Starbucks is finally lifting their no-show tattoo policy for their baristas. The announcement of this news came as a shock to me; not because I did not agree with it, but because I didn’t even know it existed.
Starbucks has led the way in creating safe havens for college students, starving artists, hipsters and all kinds of underground grunge intellectuals. It has become a hub for young ambition and free willed thinking; a rendezvous point for creativity and fanatical expression. Starbucks is also known for sponsoring rising musicians and singers. At the checkout bar, I usually skim through the albums of not-so-popular artists for sale as tunes flow over speakers and the person in front of me repeats their order (but this time a little louder).
I understand in the late 90s and early 2000s Starbucks was a place for the corporate guy to meet with his corporate guy colleagues to discuss the next quarter over a cup of coffee. But if you put a Starbucks on every corner, the ratio of corporate patrons and blue-collar patrons will start to change in favor of the larger population. With that being said, I find it hard to believe that Starbucks didn’t set out to create several localized Woodstocks for the modern-day hippies. Maybe they just miscalculated the demographics of 2014, because everyone has tattoos now. Tattoos don’t stand for military, prison and outlaws anymore. Now it stands more of an expression of individuality, which I believe was promoted by coffee shop culture.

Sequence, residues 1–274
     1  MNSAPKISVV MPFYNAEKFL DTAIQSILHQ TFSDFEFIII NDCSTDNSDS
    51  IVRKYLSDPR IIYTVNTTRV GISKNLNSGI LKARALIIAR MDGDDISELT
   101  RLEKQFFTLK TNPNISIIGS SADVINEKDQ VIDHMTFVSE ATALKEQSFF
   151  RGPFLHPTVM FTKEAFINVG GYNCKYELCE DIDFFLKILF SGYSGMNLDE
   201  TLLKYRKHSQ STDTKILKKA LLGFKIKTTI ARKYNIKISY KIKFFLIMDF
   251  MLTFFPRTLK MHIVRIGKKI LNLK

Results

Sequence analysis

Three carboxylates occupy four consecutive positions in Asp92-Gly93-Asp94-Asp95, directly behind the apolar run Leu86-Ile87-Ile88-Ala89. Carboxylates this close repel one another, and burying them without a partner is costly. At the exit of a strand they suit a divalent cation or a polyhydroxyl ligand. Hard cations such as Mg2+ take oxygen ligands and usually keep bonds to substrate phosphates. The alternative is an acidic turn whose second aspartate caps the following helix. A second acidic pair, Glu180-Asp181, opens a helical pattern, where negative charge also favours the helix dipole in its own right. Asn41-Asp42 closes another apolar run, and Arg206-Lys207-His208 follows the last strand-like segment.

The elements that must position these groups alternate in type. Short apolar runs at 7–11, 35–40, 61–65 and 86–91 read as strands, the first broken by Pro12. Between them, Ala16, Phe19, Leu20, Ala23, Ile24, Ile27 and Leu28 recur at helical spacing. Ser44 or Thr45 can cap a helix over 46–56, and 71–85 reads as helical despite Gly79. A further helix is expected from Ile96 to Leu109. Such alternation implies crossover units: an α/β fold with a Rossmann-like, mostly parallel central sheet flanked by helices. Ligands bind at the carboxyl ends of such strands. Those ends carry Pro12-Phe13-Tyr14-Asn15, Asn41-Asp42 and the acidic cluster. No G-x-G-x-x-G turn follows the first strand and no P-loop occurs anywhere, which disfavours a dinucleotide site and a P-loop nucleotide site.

Since those are the types of people your business attracts, that is also the type of people that will want to work there. Since those are the types of people that work there, I never noticed to look for their tattoos; I just knew they were there. When I step toward the counter and place my order to large dark-rimmed glasses, jet-black hair and a beanie, I already know that this guy has tattoos. Then I’m going to go and sit at a table of tattooed writers and students and not think a second about whether or not I’ll be harassed or offended in anyway.
I think it’s only fair to let the employees show their art. It will not only lift their morale, but also raise the sense of familiarity to a majority of their customers. Besides, Starbucks has done well in hiring the most pleasant people. So what if my coffee is labeled Richie instead of Reggie? The barista was cool and suggested that I download the free song of the week. “It’s pretty good,” he says. “Nice baseline and melody… Good for creativity.”
The last reason I say the ban should be lifted, is because the type of people that represent tattoos in a bad way, are neither drinking coffee nor working. It’s a win-win situation.